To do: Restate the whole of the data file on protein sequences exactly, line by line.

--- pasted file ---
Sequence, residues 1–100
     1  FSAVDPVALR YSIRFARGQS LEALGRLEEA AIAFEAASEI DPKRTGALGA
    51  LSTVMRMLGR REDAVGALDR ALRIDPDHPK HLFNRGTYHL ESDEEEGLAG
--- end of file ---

Sequence, residues 1–100
     1  FSAVDPVALR YSIRFARGQS LEALGRLEEA AIAFEAASEI DPKRTGALGA
    51  LSTVMRMLGR REDAVGALDR ALRIDPDHPK HLFNRGTYHL ESDEEEGLAG